He finally took our advice and started spending time at the local coffee shop at the big box book store. Every Tuesday and every Thursday he was there from 9 to noon without fail, but after eight weeks he was pretty discouraged. He hadn’t had a meaningful conversation with anyone, hadn’t exchanged contact information with anyone, and hadn’t been able to invite anyone to the church’s upcoming “Abused Parents” seminar designed for their target audience of families with teenagers.
It doesn’t matter whether you’re introverted, shy, or just having trouble making connections. If you’ve found your way out of the church office and into the fishing pond of the real world and aren’t having conversations with staff and patrons alike, you’re wasting your time – you might as well be back in your office.
When Pastor T called me with his words of woe, I asked a few quick questions and we were able to discern the issue, make a couple easy corrections, and at last count he was having several chats each day with folks, and was having a couple deeply meaningful conversations every week. Even more impressive is that those exchanges were turning into an increase in his church’s first-time visitor count.
Mistake #1: Taking Your Black Floppy Bible With You
Pastor T is unapologetically Christian – a positive attitude, in my book. But he wanted everyone to know it at first glance. And so he never left his trusty “sword” at home. He rationalized that “you just never knew” when someone would need a comforting word from scripture – or when it could be profitable for doctrine, for reproof, for correction, or for instruction in righteousness. All great reasons for carrying a Bible.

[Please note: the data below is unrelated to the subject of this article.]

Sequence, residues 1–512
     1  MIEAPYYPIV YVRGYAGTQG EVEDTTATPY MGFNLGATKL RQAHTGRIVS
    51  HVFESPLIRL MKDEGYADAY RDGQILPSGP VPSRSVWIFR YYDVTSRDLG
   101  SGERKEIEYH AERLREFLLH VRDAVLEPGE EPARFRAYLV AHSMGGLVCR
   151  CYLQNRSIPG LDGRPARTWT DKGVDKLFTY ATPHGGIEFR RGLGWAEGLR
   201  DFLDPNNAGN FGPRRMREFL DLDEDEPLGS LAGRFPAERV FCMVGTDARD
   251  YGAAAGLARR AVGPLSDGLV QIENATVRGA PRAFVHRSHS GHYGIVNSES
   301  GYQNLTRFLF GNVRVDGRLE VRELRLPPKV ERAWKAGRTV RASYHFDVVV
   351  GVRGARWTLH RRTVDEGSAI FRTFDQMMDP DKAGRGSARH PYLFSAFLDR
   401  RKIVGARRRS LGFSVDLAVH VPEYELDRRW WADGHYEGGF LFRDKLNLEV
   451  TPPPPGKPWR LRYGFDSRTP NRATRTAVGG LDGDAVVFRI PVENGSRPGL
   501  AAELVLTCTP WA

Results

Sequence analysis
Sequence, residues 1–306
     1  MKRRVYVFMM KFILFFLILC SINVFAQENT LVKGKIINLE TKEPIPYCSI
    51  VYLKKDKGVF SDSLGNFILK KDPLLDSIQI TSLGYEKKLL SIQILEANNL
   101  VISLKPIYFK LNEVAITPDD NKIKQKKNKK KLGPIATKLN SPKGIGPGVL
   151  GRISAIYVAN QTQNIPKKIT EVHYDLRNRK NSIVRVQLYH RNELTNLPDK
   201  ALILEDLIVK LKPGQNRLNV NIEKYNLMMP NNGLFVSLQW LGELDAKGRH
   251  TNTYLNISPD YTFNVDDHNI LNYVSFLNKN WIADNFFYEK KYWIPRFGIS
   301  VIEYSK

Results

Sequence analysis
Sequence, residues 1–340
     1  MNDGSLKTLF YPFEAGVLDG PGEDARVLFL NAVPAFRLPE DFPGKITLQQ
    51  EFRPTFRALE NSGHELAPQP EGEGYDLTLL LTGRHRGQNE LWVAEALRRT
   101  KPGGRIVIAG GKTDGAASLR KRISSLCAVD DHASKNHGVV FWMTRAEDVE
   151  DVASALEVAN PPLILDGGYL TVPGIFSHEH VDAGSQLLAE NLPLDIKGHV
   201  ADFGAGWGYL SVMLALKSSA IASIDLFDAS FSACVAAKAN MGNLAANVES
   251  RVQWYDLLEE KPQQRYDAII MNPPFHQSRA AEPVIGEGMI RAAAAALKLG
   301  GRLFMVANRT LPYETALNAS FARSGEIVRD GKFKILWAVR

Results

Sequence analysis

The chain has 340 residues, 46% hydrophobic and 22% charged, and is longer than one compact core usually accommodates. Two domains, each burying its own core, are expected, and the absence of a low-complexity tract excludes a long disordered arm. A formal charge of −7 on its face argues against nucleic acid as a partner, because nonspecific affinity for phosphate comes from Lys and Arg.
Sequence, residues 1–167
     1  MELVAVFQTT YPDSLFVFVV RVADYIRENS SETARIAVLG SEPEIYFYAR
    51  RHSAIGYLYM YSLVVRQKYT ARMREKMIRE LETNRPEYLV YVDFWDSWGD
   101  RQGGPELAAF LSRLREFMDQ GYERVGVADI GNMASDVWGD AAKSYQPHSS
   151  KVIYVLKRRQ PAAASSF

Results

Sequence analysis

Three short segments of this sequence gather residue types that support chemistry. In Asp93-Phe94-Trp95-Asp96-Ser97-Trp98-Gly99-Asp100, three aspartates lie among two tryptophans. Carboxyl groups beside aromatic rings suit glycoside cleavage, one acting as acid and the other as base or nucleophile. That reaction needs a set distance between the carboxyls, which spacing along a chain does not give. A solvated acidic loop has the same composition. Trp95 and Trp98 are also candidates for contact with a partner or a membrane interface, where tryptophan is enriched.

But there’s one very good reason for not carrying your big black floppy Bible (or anything identifiable as a Bible) with you: pretty much no one’s going to talk with you… especially someone who’s outside of the church and the faith. The problem with taking your Bible with you is that most people in the US don’t see your Bible as a book of comfort. As far as they’re concerned, that book might as well be a literal sword. They’ve seen (or heard of) far too many “Christians” using the Bible as a weapon against the unarmed. And so the unchurched (the very ones you want to have a conversation with) will avoid you as surely as if you’d put a Glock 17 on the table. (Though to be fair, you’d probably have plenty of conversations if you put your Glock on the table.)
So, start by taking down the “Approach at Your Own Risk” sign by leaving your black floppy Bible at home. Instead take your tablet, phablet, or smartphone with you and install a good Bible app on it. We use Olivetree Bible Software on our Droid and Apple products, but there are many other good options.
Mistake #2: Focusing On the Wrong Purpose
Pastor T was a busy guy. He had sermons to write, bulletins to create, newsletters to proof, blogs to catch up on, reports to complete, and no fewer than three unfinished books to read (if this is you, you might want to check out Five Things You’re Doing that Won’t Grow Your Church). So when he headed to the coffee shop, he had one thing on his mind – getting something off of his to-do list.